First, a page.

3. Avoid Intense Activity

Activities like contact sports and heavy lifting can harm the healing flap. Doctors recommend staying away from these activities for about a month as you heal.

Even if you can see clearly, avoid straining your eyes until your flap recovers fully.

When you resume strenuous activities, seek your doctor’s advice and protect your eyes to prevent accidental injuries.

4. Don’t Rub Your Eyes

Your eyes may feel itchy after LASIK surgery. But it’s important not to touch them. 

Rubbing your eyes may dislodge the healing corner flap. It can also introduce harmful bacteria to the wound.

Doctors recommend using artificial tears and lubricants to ease any discomfort. You can also wear eye goggles at night to prevent yourself from rubbing them while you sleep.

5. Avoid Makeup

Makeup such as mascara, eyeliners, and artificial eyelashes encourage bacteria growth, thus increasing the risk of flap infections.

Talk to your doctor about potential risks before wearing makeup after LASIK.

6. Avoid Getting Water Into Your Eyes

Water may be contaminated with bacteria and other infectious germs.8

As your corneal flap heals, any contact with contaminated water will result in infection.

Close your eyes in the shower and avoid swimming in rivers, lakes, oceans, or pools until your corneal flap heals.

7. Take Medications as Prescribed

After the surgery, you’ll use eye medication(s) to treat inflammation and prevent flap infections. 

To help with dryness, your doctor will likely prescribe painkillers, artificial tears, and other lubricating eye drops. Use these medications as prescribed.

If you need to take the medication(s) multiple times a day or every hour, do not skip a dose. Failure to follow directions might result in damage or a prolonged recovery time.

What to Do if Your LASIK Flap Moves or Dislodges

If your LASIK flap moves or dislodges, it’s considered a medical emergency. It can cause pain, watery eyes, and blurry vision.

Flap dislocation is rare and only occurs in 1 to 2% of LASIK patients.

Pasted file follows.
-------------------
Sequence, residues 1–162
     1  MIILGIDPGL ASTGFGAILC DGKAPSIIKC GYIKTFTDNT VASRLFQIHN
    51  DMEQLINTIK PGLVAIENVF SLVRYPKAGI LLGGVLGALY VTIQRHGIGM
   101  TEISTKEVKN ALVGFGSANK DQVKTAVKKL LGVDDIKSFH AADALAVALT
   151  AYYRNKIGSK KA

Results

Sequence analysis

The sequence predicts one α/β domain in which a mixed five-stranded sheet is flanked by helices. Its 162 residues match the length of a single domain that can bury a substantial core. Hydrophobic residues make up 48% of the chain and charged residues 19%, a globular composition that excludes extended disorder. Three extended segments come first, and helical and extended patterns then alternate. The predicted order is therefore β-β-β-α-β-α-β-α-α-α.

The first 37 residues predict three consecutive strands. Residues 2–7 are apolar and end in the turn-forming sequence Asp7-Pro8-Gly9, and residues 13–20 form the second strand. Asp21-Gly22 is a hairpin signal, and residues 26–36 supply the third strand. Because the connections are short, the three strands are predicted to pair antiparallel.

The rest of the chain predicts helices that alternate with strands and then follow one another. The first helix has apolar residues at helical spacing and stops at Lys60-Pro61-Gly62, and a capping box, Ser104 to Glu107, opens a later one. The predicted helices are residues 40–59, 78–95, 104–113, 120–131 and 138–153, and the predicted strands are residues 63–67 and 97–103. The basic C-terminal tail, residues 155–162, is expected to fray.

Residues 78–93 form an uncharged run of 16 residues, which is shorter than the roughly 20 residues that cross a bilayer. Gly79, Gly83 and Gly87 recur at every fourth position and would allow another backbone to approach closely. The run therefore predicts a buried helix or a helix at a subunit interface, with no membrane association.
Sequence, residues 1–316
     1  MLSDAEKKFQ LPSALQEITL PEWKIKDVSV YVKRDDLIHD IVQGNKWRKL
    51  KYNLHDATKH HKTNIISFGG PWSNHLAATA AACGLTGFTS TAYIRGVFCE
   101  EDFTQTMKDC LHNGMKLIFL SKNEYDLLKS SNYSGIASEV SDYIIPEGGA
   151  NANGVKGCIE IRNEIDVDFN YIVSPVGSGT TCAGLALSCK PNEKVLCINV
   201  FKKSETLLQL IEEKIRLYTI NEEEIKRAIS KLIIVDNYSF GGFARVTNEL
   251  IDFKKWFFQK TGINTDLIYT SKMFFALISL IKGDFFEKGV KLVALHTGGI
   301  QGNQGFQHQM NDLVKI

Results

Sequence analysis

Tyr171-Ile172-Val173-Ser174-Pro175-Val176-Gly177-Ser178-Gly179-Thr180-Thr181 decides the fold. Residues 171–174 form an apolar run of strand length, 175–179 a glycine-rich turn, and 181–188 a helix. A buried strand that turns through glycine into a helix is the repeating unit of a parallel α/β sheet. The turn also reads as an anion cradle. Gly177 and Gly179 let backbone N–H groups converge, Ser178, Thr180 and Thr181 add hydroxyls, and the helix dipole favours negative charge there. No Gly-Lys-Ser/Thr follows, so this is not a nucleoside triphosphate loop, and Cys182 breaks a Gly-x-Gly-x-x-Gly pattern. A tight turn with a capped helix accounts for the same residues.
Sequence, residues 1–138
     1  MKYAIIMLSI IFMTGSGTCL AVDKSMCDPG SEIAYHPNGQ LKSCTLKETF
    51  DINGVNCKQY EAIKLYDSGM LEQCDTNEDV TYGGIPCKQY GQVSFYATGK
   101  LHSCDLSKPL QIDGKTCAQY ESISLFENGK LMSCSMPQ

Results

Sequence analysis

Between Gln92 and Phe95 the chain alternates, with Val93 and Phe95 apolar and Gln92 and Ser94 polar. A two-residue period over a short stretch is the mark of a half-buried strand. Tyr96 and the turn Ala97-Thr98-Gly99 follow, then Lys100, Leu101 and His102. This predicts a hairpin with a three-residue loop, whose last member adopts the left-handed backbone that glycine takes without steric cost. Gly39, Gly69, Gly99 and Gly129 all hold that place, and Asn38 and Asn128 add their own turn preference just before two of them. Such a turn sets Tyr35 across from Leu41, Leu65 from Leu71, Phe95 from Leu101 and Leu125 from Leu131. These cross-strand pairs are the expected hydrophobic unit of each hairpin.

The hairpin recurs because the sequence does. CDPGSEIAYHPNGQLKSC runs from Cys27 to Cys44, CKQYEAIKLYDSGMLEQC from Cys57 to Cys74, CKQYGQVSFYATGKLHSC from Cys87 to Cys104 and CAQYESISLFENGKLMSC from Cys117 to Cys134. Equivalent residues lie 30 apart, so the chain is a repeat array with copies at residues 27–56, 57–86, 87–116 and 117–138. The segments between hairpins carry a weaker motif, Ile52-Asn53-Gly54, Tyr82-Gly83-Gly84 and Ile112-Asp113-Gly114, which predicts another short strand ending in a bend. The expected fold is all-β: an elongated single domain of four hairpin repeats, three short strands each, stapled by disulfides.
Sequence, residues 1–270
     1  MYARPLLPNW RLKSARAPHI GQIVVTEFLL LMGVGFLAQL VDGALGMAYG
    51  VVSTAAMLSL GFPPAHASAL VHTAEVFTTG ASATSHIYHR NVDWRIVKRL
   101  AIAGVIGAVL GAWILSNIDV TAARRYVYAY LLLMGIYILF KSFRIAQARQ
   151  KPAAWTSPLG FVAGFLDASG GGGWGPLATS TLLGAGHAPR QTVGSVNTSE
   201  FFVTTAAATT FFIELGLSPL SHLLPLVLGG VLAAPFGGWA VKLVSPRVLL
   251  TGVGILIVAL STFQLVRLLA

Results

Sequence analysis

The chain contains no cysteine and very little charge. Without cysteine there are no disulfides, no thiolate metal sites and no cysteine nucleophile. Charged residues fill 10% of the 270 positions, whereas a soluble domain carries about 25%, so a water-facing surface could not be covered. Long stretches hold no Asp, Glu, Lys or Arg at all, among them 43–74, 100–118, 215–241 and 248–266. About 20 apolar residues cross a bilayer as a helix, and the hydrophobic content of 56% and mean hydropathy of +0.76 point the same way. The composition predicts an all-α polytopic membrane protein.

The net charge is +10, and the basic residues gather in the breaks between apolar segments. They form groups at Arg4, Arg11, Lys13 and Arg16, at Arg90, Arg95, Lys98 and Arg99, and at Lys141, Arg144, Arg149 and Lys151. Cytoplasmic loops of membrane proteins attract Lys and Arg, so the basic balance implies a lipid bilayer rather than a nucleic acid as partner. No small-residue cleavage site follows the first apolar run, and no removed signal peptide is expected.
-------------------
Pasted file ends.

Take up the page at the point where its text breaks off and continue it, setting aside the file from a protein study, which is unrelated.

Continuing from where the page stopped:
In most cases, a flap dislodge results from mechanical trauma. This is likely to occur within 48 hours after surgery.9 

It’s a good idea to visit your surgeon to correct the complication if it occurs. Your surgeon will reposition and smooth the flap back into place.

Regular checkups allow your doctor to detect any healing flap issues early and treat them quickly.

Updated on  February 20, 2024
9 sources cited
Updated on  February 20, 2024
  1. Ide T. et al.,”Outcome of a 10-year follow-up of laser in situ laser keratomileusis for myopia and myopic astigmatism,” Taiwan Journal of Ophthalmology, Dec. 14
  2.  Bamashmus M. et al.,“Functional Outcome and Patient Satisfaction after Laser In Situ Keratomileusis for Correction of Myopia and Myopic Astigmatism,” National Center for Biotechnology Information (NCBI), Mar. 2015.
  3. Ortueta D. et al., “Microkeratome,” Science Direct, 2008
  4. Linna TU, Pérez-Santonja JJ. et al., “Recovery of corneal nerve morphology following laser in situ keratomileusis,” National Center for Biotechnology Information (NCBI)
  5. Salomão M et al,. “Dry eye associated with laser in situ keratomileusis: Mechanical microkeratome versus femtosecond laser,” National Center for Biotechnology Information (NCBI), Oct. 2009
  6. Reddy V. “Flap Striae After LASIK” American Academy of Ophthalmology, 31 Jul. 2020
  7. Basics of Bacterial Keratitis,” Centers for Disease Control and Prevention, 07 Apr. 2014.
  8. Bacteria and E. Coli in Water,” United States Geological Survey (USGS), 05 Jun. 2018
  9. Alvarez M.,  Montesel A., and Bataille L.,“Late traumatic flap dislocation seven years after femtosecond laser-assisted in situ keratomileusis,” International Journal of Opthamology. 18 May. 2019.
The information provided on VisionCenter.org should not be used in place of actual information provided by a doctor or a specialist.